Keywords: Brexit, currency invoicing, cross-border flows, international firms
    JEL: F32 F41 G20 G28
    Date: 2023
  13. By: Federico Favaretto
    Abstract: This paper studies how government debt variables impact estimates of the classic and new UIP puzzles for quarterly data between 2000 and 2020 of 6 developed countries in relation to the United States. I estimate country-pair VECMs to model cointegration relations between debt variables, price differences, interest rates differences and nominal exchange rate. I compare this framework with one without debt variables following Engel (2016) using quarterly data between 1979 and 2020. In the framework without debt, I don't find the new UIP puzzle while in the framework with debt, I do find it. Government debt variables are significant and alter the sign of comovements between difference in interest rates and far-ahead ex-post and ex-ante excess currency returns. The magnitude of the effect is economically relevant. Government debts coffcients cannot be uniquely associated with convenience yield story.
    Keywords: Exchange Rates; Government Debt; UIP puzzle; Excess Currency Returns.
    JEL: E42 E60 F31
    Date: 2023
  14. By: Bada Han (Bank of Korea); Dongwook Kim (Bank of Korea); Youngjin Yun (Inha University)
    Abstract: This paper investigates the reasons behind international reserve accumulation in Emerging Market Economies (EMEs). We rationalize the view held among policymakers in EMEs that reserve accumulation is necessary to counteract the negative effects of unwanted capital inflows. First, we empirically show that EMEs do accumulate reserves in response to global push factor-driven capital inflows, particularly in the form of direct investment. In addition, EMEs with restrictions on residents' investment abroad or with less developed financial institutions accumulate higher levels of reserves. Next, we introduce a theoretical model with direct investment inflows to explain the empirical findings. In the face of a capital flow bonanza, it is optimal for EMEs to invest abroad to smooth consumption. However, various frictions hinder residents' overseas investments or make the investments socially inefficient. In such cases, the public sector accumulates international reserves to supplement the insufficient private outflows or replace the inefficient private outflows. Reserve accumulation becomes an essential tool for managing capital inflows in the presence of restrictions on private outflows.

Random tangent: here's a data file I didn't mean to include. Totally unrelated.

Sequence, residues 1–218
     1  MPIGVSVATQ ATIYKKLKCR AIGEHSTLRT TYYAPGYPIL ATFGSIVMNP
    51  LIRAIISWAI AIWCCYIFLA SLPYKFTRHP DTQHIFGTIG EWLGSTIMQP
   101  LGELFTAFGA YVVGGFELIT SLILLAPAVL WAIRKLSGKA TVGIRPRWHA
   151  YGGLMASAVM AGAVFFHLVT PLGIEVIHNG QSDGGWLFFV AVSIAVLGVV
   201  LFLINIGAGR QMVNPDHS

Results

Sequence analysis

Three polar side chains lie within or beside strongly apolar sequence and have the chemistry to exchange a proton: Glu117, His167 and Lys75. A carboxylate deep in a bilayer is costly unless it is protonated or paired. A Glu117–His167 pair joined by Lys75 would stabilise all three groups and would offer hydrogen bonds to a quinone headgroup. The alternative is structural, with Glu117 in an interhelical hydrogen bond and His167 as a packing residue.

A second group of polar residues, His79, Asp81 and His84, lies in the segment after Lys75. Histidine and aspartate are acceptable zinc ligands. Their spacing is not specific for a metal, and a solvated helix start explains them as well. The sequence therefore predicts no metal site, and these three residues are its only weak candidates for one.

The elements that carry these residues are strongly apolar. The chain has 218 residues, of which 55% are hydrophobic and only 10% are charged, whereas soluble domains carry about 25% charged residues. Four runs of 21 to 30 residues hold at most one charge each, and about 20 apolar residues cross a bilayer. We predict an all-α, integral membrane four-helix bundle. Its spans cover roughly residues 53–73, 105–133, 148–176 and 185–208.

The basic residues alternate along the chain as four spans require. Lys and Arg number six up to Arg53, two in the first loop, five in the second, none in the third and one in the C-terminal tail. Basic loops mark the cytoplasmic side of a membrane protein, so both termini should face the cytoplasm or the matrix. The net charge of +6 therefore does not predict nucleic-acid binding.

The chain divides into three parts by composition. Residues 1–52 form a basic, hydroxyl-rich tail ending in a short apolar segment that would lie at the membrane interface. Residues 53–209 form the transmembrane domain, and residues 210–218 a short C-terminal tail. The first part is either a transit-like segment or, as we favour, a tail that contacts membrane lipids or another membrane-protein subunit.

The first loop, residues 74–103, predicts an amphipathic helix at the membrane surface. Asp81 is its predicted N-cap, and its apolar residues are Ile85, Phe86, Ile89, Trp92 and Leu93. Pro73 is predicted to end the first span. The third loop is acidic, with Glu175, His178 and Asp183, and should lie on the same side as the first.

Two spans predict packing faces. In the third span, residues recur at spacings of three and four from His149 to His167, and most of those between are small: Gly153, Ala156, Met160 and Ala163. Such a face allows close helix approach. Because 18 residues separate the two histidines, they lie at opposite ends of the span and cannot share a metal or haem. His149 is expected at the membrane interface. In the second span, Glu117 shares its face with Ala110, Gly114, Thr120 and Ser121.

Keywords: international reserves, sudden stops, financial openness
    JEL: E60 E61 F30 F38 G01
  15. By: Ablam Estel Apeti (LEO - Laboratoire d'Économie d'Orleans [2022-...] - UO - Université d'Orléans - UT - Université de Tours - UCA - Université Clermont Auvergne); Bao-We-Wal Bambe (LEO - Laboratoire d'Économie d'Orleans [2022-...] - UO - Université d'Orléans - UT - Université de Tours - UCA - Université Clermont Auvergne); Jean-Louis Combes (LEO - Laboratoire d'Économie d'Orleans [2022-...] - UO - Université d'Orléans - UT - Université de Tours - UCA - Université Clermont Auvergne); Eyah Denise Edoh (LEO - Laboratoire d'Économie d'Orleans [2022-...] - UO - Université d'Orléans - UT - Université de Tours - UCA - Université Clermont Auvergne)
    Abstract: Most developing economies borrow abroad in foreign currency, which exposes them to the problem of "original sin." Although the literature on the issue is relatively extensive, little is said about the role of fiscal frameworks such as fiscal rules in controlling original sin. Hence, using a panel of 59 developing countries over the period 1990-2020 and applying the entropy balancing method, we find that fiscal rules reduce government debt in foreign currency, and that the effects are statistically and economically significant and robust. In addition, the strengthening of the rule, better fiscal discipline prior to the adoption of the reform, financial development, financial openness, flexibility of the exchange rate regime, and sound institutions amplify the negative effect of fiscal rules on original sin.
    Keywords: Original sin, Developing countries, Entropy balancing
    Date: 2023–06–15
  16. By: Luciano Greco (CRIEP; Department of Economics and Management, University of Padova); Francesco J. Pintus (CRIEP; Department of Economics and Management, University of Padova); Davide Raggi (Department of Economics, University Of Venice CÃ Foscari)